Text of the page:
2) One time at bottling in July the temperature outside reached 110 degrees for 4 days. We had stored some empty bottles in a bin outside in the sun to be recycled later. After bottling I had Catarino take the empty bottles to recycle. To our surprise he found two cases of bottles that still had wine in them intact with the synthetic cork. That evening I tried the wine compared to the same wine I had stored in my cellar. I was amazed to find that after tasting the two wines blind, I could not tell the difference. I assumed the heat exposed wine would deteriorate after time so one year later I tried them again and found they still tasted the same.
Here is another story:
Have you heard of the movie "Bottle Shock"? I saw it recently and even though I thought the movie was poorly done it did point out a fact that is interesting. As you might know there was a blind tasting of wine back in 1976 that confirmed California had great wine that was just as good as the French. We actually won the contest. Here is the story in Wikipedia. What is interesting is the wines from California for the tasting were flown 7000 miles and I assume tasted soon after arrival. I am sure the wine went through stages of variable temperatures and was shaken up and still won the competition. I believe the trip helped. I believe young wine is not as fragile as we think.
The credit crisis and losses in the stock market could be hurting the wineries around here. We only had four people in here all week. We made two sales and one was very large, but this is concerning. The first two weeks in January are usually very slow but this is far less traffic than in the last several years. I feel we could take a drop in sales this year of 20% and still have enough cash flow to pay all our expenses so time will tell.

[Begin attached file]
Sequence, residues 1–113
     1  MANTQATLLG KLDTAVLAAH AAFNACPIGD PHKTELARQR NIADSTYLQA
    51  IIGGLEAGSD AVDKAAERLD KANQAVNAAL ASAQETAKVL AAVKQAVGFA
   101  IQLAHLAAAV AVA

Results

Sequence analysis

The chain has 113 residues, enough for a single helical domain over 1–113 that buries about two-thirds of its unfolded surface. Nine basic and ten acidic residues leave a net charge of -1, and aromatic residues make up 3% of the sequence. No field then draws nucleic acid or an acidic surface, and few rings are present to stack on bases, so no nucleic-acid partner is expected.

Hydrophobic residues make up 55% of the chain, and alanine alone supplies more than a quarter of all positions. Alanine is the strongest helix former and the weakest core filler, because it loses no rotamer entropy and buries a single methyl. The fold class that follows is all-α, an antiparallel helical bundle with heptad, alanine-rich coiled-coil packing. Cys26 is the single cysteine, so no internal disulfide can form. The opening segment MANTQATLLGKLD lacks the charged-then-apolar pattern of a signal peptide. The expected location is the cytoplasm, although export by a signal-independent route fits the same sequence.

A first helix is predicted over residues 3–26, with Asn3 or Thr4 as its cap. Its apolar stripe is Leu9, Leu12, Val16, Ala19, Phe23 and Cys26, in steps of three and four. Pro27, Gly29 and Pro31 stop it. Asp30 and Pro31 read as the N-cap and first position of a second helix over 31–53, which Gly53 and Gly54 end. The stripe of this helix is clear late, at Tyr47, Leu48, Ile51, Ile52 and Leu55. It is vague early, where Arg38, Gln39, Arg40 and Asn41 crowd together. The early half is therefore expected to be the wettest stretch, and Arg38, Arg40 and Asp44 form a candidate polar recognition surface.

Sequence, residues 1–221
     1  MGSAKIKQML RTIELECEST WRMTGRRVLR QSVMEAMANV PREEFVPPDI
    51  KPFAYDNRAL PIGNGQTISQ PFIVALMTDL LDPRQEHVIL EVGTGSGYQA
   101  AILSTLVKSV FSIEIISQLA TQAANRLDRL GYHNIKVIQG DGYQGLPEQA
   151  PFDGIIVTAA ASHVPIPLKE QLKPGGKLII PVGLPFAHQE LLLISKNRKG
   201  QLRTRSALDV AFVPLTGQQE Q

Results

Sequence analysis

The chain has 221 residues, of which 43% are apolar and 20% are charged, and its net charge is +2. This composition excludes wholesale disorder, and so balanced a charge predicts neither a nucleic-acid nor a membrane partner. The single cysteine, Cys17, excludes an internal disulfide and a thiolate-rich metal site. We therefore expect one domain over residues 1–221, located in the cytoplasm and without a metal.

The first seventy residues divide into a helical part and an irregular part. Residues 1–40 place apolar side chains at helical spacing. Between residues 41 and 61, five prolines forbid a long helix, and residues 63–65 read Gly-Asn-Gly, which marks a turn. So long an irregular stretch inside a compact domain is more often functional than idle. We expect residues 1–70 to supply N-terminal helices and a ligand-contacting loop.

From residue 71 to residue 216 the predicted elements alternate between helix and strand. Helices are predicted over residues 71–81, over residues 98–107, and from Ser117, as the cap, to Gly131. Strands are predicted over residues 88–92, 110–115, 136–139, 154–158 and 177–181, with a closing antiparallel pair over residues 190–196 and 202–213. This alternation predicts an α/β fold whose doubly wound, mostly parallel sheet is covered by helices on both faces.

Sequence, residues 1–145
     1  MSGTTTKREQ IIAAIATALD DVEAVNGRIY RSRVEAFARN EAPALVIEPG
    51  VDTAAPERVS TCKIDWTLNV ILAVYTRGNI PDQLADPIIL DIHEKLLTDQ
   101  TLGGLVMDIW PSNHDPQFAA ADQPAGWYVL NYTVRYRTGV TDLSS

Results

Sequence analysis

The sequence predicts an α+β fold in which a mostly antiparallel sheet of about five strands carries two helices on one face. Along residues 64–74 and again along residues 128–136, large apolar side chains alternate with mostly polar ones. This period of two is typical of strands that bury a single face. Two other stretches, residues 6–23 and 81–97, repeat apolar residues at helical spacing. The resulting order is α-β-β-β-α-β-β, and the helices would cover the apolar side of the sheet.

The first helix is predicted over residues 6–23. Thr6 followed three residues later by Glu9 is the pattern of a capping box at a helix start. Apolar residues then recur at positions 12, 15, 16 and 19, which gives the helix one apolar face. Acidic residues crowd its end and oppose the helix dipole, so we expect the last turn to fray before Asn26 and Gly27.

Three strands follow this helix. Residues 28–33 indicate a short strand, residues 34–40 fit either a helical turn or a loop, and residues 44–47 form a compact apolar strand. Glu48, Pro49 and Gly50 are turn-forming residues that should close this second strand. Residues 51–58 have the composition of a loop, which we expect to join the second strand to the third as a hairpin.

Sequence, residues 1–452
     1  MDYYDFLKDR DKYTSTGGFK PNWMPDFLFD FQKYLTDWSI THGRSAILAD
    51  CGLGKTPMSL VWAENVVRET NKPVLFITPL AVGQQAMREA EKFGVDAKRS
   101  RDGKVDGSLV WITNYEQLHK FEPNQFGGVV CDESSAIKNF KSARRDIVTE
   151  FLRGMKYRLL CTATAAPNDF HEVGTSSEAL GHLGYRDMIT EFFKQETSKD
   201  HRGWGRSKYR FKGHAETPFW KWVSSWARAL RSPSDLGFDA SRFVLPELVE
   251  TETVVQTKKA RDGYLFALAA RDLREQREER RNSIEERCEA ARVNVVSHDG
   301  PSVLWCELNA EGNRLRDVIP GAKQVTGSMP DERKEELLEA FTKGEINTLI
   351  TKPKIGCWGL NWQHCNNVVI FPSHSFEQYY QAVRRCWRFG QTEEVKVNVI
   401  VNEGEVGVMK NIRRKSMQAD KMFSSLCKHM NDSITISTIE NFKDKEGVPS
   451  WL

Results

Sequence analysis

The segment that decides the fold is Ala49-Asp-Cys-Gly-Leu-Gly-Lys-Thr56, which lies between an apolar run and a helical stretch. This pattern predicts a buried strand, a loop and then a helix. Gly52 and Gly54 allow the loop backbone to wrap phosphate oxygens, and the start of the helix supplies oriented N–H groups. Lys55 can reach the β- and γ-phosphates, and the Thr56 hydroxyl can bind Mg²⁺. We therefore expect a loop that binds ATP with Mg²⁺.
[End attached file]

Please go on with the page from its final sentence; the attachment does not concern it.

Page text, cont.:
Sunday January 25, 2009
All our blending has been finished and I tasted the barrels and I am very happy with the results. I prefer the heavier Cab and Petite Sirah blends but I know some of you prefer our more balanced wines such as the Block 4 and Estate Cuvee. Of course I like all my wines so I usually open a few a night and use what we don't consume to top off barrels. It's fun! I especially like the My Zin, Escuro, Cab and Petite Sirah, but I do consume a great deal of Block 4 also.
Friday we also bottled our new Fresco, a Rose and our 2007 Ultimate Cuvee. Yesterday we started selling the Rose at $18 a bottle before any discounts. It will go up for sale on our order form starting on February first. Just send us an e-mail if you want to purchase before hand to take advantage of our extra 5% discount which will expire on January 31.
We are changing our label again, but only slightly. In stead of using
all caps for the wine name we are going to use a flamboyant script called
Zapfino. I love the change and I hope you will, but I have already heard
that some of you will think it is too busy. Here is a sample of the
label that is almost finished. Please give me some feedback since it is
not a done deal.